Newspaper proprietor and founder of the Daily Express Arthur Pearson
6 December 2013 16:25
Blind Veterans UK, formerly St Dunstan’s, was founded by Sir Cyril Arthur Pearson, a newspaper proprietor born on 24 February 1866.
Starting his career in journalism, Pearson found his own journal in 1890 which he named Pearson's Weekly and subsequently went on to found titles such as the Royal Magazine, amongst others.
He then turned to the launch of a daily newspaper, the Daily Express, home of the Sunday Express, with the first issue launched on 24 April 1900. The first issue had eight broadsheet pages and news was innovatively featured on the outer covers! Pearson later went onto acquire The Standard and The Evening Standard.
Pearson suffered with glaucoma which resulted in severe sight loss but his experience of being blind made him determined to change society's attitude to blindness.
Having given up his newspaper holdings by 1912, Pearson became president of the National Institute for the Blind (now the RNIB) and at the outbreak of World War One Pearson established the Blinded Soldiers and Sailors Care Committee, with a vision which is much the same as it is today: no one who has served our country should have to battle blindness alone.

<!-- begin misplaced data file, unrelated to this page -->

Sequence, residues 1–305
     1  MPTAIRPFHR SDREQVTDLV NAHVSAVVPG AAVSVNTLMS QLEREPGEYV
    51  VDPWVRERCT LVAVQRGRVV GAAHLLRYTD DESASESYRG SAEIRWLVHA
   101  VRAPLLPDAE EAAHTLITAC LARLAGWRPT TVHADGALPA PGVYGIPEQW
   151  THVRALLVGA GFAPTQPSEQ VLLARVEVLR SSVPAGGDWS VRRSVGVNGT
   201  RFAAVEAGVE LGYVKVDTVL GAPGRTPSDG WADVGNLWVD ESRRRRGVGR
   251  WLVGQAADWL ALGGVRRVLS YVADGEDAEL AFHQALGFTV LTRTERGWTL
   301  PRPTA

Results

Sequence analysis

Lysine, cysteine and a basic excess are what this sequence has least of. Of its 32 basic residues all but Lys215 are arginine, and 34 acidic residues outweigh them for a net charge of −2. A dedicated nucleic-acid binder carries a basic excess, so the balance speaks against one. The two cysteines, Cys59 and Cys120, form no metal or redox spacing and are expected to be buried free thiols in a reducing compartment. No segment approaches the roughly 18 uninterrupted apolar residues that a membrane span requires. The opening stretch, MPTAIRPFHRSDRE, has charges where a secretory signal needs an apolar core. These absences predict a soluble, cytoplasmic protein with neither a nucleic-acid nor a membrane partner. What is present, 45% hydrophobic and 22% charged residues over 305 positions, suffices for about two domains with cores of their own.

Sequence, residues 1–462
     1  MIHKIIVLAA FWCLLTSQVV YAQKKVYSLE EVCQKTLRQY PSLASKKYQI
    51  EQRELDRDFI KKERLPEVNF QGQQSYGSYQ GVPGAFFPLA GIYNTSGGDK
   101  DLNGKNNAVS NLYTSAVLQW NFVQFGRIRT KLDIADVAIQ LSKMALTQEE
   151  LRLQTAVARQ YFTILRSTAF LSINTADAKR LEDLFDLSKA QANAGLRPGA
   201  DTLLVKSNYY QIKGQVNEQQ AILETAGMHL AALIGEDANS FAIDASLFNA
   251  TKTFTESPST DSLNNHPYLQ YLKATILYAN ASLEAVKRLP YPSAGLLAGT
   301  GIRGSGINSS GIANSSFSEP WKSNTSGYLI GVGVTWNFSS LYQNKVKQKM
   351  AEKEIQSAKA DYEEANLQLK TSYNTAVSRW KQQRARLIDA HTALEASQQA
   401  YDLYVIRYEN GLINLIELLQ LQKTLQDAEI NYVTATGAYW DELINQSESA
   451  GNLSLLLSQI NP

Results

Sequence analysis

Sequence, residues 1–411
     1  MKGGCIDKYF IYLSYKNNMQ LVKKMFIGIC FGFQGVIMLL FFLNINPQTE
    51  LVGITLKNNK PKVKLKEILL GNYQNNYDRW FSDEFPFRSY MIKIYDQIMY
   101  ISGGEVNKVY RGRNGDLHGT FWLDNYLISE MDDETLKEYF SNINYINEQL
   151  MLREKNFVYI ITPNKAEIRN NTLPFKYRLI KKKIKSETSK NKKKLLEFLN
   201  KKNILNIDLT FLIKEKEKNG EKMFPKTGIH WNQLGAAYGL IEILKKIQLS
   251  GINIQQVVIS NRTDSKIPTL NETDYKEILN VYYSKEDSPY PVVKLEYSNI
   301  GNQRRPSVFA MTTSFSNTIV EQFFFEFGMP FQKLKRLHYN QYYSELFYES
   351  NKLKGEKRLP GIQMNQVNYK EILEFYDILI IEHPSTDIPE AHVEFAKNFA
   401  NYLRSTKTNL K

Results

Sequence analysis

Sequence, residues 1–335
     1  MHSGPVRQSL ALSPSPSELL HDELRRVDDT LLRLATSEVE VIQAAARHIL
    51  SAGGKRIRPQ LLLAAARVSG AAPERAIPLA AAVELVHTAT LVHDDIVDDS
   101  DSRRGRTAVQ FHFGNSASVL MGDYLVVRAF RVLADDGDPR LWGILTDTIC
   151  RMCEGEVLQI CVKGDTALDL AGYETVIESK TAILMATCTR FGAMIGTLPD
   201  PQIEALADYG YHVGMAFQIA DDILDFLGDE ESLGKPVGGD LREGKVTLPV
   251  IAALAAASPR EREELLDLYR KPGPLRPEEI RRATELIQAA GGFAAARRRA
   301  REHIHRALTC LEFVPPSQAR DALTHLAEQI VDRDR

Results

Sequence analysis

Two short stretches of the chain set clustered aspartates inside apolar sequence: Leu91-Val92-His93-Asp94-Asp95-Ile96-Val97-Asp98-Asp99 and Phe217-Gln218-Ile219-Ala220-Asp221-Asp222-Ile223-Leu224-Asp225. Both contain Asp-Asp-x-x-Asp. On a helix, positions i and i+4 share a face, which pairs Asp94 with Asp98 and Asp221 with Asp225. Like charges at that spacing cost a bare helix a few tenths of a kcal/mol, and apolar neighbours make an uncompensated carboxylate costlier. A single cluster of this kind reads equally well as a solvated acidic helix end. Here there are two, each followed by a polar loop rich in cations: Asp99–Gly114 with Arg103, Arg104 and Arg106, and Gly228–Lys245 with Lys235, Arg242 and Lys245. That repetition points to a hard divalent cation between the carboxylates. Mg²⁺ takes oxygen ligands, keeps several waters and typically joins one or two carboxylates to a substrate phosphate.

Pearson started with two blinded soldiers in a house in Bayswater Hill, London while St Dunstan's Lodge in Regent's Park was being modified. After moving there, become known as St Dunstan's and trained blinded soldiers in massage (physiotherapy), shorthand typing, telephone operating, poultry farming, carpentry, basket and mat making and shoe and boot repairing.
Many of our early members went on to return to normal life after World War One and make a living with these newly acquired skills. By the end of the War St Dunstan's had cared for over 1,500 blind soldiers.
In 1921 Pearson moved operations from St Dunstan's Lodge to St John's Lodge, also in Regent's Park, but Arthur tragically dies, aged only 55, and Ian Fraser takes over as chairman. As a captain in the King's (Shropshire Light Infantry), Ian Fraser had been blinded by a bullet on the Somme.
In 2013 our historical connection to the Express is highlighted once more as Blind Veterans UK is chosen as the Sunday Express Christmas charity of 2013. Througout the month of December, they are asking their readers to support the work of Blind Veterans UK through a special online appeal. Find out how you can support our work.
If you know someone who has Served in the Armed Forces, for National Service perhaps, who is suffering with sight loss you canrequest free support by calling 0800 389 7979.